For this trick, Ally is a good choice since you can do all your banking in one place. While the Ally Online Savings Account is a good high-yield account on its own, account holders can enjoy even more benefits if they also have an Ally Interest Checking Account. If you have an Ally Savings account, you can create 10 different “buckets” within the same account, organizing your money easily. You can create a designated fund for your security deposit and another called “Emergency Savings” where you can stash those practice rent payments.
No monthly maintenance fee
Up to 6 free withdrawals or transfers per statement cycle *The 6/statement cycle withdrawal limit is waived during the coronavirus outbreak under Regulation D
Excessive transactions fee
Yes, if have an Ally checking account
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What Is A Credit Inquiry
Anytime someone checks your credit report including yourself, lenders, banks or even landlords, its recorded on your report as a soft or hard credit inquiry.
Each of the three credit bureausEquifax, Experian and TransUnionkeep track of the inquiries on your report because it can say a lot about the risk you pose to lenders. While lenders arent too worried about soft inquiries because it doesnt impact your credit score, they do take caution around hard inquiries. In the lenders eye, multiple hard inquiries can indicate youre taking on more credit than you may be able to afford.
For example, according to FICO, People with six inquiries or more on their credit reports can be up to eight times more likely to declare bankruptcy.
Steer Clear Of New Credit Inquiries
If you can avoid it, don’t apply for new credit cards, auto loans or other kinds of credit products right before you apply for an apartment.
When any lender performs a credit check, it leads to what’s called a hard inquiry into your credit history. Hard inquiries appear on the credit report pulled by the lender and may result in a temporary decrease in your credit score.
While the decrease is usually insignificant, roughly five points or so, it can send up red flags to potential landlords. Its negative impact decreases over time, despite inquiries remaining on your credit report for two years.
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Consider Improving Your Credit Before Applying
If credit issues are consistently preventing you from getting the apartment you want, think about pausing your apartment search and taking time to improve your credit. Of course, this strategy only works if you’re in a position to postpone your move. But if you can waitand work on your credityou may improve your prospects. Several months or a year of making on-time payments, paying off late accounts and paying down debt can help to raise your credit score. And putting more time between any negative events like collections or bankruptcies and your rental application might help your application look more promising.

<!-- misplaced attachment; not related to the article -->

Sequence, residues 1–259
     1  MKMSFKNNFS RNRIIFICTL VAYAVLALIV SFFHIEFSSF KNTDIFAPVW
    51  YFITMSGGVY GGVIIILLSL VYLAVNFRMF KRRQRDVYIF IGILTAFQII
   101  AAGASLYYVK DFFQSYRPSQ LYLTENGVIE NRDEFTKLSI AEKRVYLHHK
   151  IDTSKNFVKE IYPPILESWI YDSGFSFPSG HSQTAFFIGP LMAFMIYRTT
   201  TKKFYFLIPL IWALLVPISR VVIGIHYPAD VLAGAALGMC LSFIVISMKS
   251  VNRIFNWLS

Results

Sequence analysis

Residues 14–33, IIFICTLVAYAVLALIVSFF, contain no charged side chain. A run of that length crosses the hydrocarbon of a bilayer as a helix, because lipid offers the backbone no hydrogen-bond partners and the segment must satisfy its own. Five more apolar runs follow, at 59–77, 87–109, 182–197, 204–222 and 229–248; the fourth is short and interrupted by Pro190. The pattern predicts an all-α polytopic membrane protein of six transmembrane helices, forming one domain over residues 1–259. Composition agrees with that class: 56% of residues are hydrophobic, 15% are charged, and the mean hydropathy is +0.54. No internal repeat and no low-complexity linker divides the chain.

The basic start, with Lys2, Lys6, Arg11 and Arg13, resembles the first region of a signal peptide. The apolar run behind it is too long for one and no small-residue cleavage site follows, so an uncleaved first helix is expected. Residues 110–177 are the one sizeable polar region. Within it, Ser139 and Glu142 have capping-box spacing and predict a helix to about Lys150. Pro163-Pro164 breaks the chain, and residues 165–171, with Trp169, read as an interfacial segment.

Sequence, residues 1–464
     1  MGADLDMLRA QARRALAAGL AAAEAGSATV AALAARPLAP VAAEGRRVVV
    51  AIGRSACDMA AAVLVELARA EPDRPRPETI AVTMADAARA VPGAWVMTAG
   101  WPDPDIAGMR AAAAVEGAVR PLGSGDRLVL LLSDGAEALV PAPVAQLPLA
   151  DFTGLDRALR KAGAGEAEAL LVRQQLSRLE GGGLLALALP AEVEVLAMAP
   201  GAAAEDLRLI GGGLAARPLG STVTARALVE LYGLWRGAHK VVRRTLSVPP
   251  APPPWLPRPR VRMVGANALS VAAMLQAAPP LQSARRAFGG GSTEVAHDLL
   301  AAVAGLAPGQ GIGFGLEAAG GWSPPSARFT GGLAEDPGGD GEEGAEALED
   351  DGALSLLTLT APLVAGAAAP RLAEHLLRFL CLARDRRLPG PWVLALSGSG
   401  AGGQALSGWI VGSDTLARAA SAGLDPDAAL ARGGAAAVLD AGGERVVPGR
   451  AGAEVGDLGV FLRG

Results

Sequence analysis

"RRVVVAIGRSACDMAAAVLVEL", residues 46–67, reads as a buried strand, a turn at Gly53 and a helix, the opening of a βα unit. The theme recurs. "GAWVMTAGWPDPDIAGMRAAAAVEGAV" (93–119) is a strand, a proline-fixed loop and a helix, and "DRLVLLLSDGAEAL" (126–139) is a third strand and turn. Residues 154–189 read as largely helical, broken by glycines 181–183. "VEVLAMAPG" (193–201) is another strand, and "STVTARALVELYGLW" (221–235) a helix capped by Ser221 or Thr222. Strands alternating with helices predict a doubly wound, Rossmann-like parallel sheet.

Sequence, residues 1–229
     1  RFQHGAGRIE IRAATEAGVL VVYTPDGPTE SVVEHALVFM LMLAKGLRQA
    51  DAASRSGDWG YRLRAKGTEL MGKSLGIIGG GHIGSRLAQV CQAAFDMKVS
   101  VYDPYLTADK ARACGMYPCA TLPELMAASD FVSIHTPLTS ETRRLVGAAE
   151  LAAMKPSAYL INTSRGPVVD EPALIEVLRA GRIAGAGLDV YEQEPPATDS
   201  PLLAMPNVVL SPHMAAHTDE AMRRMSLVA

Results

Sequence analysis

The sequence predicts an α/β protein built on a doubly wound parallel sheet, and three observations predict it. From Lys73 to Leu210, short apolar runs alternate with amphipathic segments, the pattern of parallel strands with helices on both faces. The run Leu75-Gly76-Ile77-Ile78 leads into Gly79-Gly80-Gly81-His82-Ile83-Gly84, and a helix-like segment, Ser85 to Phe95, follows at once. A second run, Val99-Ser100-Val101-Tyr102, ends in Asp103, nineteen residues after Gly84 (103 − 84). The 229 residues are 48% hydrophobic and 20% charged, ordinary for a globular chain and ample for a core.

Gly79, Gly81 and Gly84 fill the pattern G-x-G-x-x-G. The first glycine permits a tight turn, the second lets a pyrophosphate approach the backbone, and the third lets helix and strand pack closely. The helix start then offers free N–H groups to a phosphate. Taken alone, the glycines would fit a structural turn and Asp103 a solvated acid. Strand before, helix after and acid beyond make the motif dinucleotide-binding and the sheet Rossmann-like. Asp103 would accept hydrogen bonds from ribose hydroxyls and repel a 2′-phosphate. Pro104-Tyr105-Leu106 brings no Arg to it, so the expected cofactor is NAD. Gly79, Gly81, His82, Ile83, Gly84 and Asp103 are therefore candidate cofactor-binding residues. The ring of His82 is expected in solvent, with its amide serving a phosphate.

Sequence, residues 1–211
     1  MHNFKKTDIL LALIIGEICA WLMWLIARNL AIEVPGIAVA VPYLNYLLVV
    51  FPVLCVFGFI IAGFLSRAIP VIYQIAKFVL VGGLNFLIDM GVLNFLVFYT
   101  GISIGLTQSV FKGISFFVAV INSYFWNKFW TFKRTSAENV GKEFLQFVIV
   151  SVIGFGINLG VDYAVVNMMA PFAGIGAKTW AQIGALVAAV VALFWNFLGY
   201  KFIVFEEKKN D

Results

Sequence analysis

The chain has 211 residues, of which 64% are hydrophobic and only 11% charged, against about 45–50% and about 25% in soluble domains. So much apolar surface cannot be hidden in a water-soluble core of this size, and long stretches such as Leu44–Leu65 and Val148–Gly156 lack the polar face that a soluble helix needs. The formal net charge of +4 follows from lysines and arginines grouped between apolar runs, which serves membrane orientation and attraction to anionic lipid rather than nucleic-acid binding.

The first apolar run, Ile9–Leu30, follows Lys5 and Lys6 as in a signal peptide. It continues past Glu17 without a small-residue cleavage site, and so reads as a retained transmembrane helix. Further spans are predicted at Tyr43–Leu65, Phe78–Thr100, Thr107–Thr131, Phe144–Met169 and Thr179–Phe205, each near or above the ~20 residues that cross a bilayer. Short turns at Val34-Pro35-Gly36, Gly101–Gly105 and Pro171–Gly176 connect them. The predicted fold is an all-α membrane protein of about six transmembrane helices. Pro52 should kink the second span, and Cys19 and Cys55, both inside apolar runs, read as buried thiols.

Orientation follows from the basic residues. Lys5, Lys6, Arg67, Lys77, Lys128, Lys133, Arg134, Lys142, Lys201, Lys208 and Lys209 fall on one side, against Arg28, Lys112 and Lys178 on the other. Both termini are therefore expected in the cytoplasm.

You might also want to take a look at Experian Boost. The free service from Experian connects to your bank account and adds bills such as utility, cellphone and streaming service payments to your credit report so they can be factored into your scores. The average Boost user who sees an increase improves their credit score by 12 points.
The credit score you need to secure a rental will vary the higher your credit score and the cleaner your credit report, the better. You may be able to work around credit issues by finding a landlord who doesn’t check credit, choosing a more modest place to live, or emphasizing financial strengths like a high income or large upfront payment.
How Applying For Rentals Affects Your Credit Score
Many landlords pull your credit report when you’re approving your rental application. The hard inquiry that comes from a credit check can affect your credit score.
Inquiries are 10% of your credit score, but fortunately, apartment hunting may be treated the same as mortgage or auto loan rate shopping. In an email to The Balance, a FICO executive confirmed that multiple identifiable tenant screening related inquiries are included in the special FICO Score inquiry treatment logic. In other words, multiple apartment-hunting inquiries are treated as just a single inquiry as long as they’re completed in the same timeframe.
Not all landlords or leasing agents pull your credit information to qualify you for a rental. Applying for an an apartment won’t hurt your credit if there’s no credit check in the process. The application also won’t hurt your credit score if the landlord uses a service that does a soft credit check. You can ask the landlord for their process to find out whether there’s a credit review involved.